Mike: As people who were born into a culture which is basically Cartesian, we adopt concepts and we use those concepts in conversations or in our work as though they were facts. They are not facts; they are concepts, until we embody them. Does that make sense? Kieran has suddenly woken up, what has struck you Kieran?
Kieran: In the morning I went for a walk and we were talking about exactly this.
Mike: There you are you see …
The only way to find out if something really works is to stop treating it as a concept, but become it; then you have embodied it. From that position you can say that this works or it doesn’t work. From the position of conceptualisation you can make no judgement. We are talking about theory not practice.
So what is stillness? Without examining that word very carefully and being fully aware of the context in which it is being used, we accept without thinking a conventional interpretation of ‘what is stillness?’ The conventional meaning of stillness is nothing is moving. The horse is moving; the horse is standing still. The clouds are moving across the sky―there is no wind―the clouds are very still. That is the conventional meaning of stillness.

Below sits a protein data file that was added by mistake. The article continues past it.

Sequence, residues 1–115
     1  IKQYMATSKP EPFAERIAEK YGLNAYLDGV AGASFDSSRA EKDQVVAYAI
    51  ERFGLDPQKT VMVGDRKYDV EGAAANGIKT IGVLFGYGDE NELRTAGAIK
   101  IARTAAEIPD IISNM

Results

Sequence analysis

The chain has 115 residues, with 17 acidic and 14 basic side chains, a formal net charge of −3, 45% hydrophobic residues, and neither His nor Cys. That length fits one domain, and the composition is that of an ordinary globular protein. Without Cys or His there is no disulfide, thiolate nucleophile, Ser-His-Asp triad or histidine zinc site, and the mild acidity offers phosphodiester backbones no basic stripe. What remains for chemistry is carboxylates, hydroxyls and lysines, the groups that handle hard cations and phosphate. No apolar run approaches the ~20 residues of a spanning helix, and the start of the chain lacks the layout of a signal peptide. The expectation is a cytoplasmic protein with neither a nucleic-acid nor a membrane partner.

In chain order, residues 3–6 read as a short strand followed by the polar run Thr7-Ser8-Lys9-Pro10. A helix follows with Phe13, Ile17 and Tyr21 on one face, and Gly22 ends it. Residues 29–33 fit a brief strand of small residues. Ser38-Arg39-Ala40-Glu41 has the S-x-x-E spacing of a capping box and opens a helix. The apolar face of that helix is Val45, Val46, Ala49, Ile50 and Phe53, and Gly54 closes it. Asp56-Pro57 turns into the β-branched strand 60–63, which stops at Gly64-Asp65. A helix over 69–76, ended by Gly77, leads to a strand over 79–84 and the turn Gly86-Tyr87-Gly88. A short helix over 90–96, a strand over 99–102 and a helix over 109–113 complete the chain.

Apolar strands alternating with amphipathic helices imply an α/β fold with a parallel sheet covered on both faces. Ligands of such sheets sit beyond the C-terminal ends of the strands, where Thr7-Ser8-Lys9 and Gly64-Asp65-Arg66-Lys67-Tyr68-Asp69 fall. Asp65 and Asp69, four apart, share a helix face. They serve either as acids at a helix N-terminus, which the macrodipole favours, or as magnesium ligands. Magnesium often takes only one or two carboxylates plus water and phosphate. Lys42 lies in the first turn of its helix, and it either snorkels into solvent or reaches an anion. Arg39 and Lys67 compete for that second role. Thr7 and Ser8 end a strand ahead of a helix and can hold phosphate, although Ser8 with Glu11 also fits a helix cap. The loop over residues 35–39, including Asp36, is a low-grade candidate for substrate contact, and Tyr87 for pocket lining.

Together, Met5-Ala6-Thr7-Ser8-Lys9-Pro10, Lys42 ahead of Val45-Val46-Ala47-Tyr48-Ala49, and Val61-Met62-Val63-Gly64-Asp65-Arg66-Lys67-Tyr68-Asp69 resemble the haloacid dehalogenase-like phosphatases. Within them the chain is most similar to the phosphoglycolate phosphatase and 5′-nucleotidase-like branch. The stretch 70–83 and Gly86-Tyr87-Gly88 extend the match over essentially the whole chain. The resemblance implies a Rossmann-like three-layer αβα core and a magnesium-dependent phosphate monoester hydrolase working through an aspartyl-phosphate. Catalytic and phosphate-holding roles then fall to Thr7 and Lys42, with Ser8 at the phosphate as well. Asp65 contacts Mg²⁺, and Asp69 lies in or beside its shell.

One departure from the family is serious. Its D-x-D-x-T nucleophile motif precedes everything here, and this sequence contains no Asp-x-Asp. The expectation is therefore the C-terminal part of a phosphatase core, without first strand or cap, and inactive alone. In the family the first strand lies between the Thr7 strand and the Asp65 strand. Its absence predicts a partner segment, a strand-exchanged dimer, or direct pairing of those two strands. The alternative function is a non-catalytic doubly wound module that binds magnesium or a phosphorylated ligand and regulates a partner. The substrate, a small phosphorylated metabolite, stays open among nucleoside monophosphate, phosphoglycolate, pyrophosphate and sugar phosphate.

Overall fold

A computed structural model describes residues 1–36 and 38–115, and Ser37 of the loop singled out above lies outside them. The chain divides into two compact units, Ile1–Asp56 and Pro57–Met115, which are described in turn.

Another meaning is it relates to non-attachment. Everything is moving; the universe is in motion; the universe cannot help being in motion; the universe and everything in it is in motion. I am still in my awareness of that, and I am not attached and not drawn off by the universe and all its contents. My mind is active; I am meditating; things are coming and going in my mind, but I don’t go with them. I am still in my awareness of what is going on in my mind. I am not trying to be a zombie and have no movements in my mind. I am not trying to be a zombie and have no movements in my body. I am not yet suffering from rigor mortis; it will come soon I have no doubt!